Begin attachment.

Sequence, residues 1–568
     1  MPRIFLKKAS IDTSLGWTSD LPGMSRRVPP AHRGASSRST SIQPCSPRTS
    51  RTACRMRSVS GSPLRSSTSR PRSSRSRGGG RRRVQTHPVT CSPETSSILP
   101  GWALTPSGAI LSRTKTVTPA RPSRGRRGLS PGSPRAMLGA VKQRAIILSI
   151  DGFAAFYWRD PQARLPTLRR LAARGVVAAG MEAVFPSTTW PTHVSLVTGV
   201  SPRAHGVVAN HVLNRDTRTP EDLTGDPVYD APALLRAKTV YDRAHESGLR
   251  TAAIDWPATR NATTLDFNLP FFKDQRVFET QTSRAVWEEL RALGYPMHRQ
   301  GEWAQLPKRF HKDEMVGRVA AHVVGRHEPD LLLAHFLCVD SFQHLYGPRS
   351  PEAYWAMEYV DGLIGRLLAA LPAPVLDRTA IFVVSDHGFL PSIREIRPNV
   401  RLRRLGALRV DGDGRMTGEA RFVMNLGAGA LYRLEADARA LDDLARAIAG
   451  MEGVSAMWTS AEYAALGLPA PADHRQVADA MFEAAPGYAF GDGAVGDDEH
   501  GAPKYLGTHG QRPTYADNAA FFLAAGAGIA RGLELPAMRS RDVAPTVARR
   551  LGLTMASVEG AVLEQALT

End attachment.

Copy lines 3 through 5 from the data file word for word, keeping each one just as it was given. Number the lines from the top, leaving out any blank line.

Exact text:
    51  RTACRMRSVS GSPLRSSTSR PRSSRSRGGG RRRVQTHPVT CSPETSSILP
   101  GWALTPSGAI LSRTKTVTPA RPSRGRRGLS PGSPRAMLGA VKQRAIILSI
   151  DGFAAFYWRD PQARLPTLRR LAARGVVAAG MEAVFPSTTW PTHVSLVTGV